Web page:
• In certain abbreviations, such as s:t for sankt (saint);
  • In ordinal numbers: 1:a, 2:a, 3:e, 21:a, but not in dates or when the ordinal number is implied by the context: Den 5 maj, Carl XVI Gustaf;
  • Before extensions of digits, letters, abbreviations and initials: tv:n (definite form), USA:s (possession). Exceptions are abbreviations that are not pronounced letter by letter: Natos, Ikeas.
The titles of some articles of the Swedish Wikipedia: USA:s senat, FN:s deklaration om de mänskliga rättigheterna (the UN declaration of human rights), 2:a världskriget (WWII), S:t Petersburg. The latter two are actually redirects to the articles Andra världskriget and Sankt Petersburg respectively. --Магьосник (talk) 02:28, 8 June 2010 (UTC)

What would be a good antonym for "simulation"[edit]

I'm having a devil of a time trying to come up with a non-clunky word for a non-simulation. Any suggestions? --70.167.58.6 (talk) 19:01, 7 June 2010 (UTC)

Reality? In some situations, Ground truth can be appropriate. -- Coneslayer (talk) 19:02, 7 June 2010 (UTC)
"The real thing"? It depends on the context, though. rʨanaɢ (talk) 19:56, 7 June 2010 (UTC)
The usage I'm thinking of is more in the technology sector. A device is in simulation mode. When a switch is flipped, it's in _______ mode. ( "run" is too vague ) --70.167.58.6 (talk) 19:58, 7 June 2010 (UTC)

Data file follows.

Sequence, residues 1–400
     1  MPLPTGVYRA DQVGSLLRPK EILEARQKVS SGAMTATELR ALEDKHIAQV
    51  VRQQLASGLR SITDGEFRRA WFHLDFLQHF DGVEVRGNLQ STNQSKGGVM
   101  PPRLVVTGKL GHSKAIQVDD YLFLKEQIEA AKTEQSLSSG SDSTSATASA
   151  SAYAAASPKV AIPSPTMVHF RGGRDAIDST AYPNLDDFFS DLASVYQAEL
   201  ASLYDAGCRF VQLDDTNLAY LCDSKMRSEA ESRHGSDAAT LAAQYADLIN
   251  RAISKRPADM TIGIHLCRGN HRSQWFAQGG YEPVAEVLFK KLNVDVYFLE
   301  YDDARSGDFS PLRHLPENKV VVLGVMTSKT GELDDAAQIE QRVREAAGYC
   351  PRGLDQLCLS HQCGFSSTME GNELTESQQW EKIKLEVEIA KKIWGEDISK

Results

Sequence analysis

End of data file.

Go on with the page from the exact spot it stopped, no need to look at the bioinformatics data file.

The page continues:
Is this a specific device? I guess the most common word would be what the device usually does. For example, CD writers work in "simulation" or "write" mode. Jørgen (talk) 20:13, 7 June 2010 (UTC)
"Production". ←Baseball Bugs What's up, Doc? carrots→ 03:48, 8 June 2010 (UTC)
"Normal". Or make it "Simulation mode on/off". --Anonymous, 07:16 UTC, June 8, 2010.
"Live"? Kingsfold (talk) 13:59, 8 June 2010 (UTC)
"Real mode"? 195.35.160.133 (talk) 14:01, 8 June 2010 (UTC) Martin.
I'd use "operational mode" to contrast with "simulation mode". — Lomn 14:59, 8 June 2010 (UTC)

What language is spoken by this choir?[edit]

[youtube singing choir | http://www.youtube.com/watch?v=5ywefn5GvpM]

This is a link to a singing choir and I have no clue what the language is.

Can anyone help me identify the language, and also if possible provide an English translation of one or more parts of the song?

Thanks in advance for any help. dr.ef.tymac (talk) 19:23, 7 June 2010 (UTC)

Googling for "AYUBU Choir" (part of the title of the youtube clip) gets the link below as the second google hit (which links to the youtube clip). I'm pasting in the keywords that appear in the google description of the page: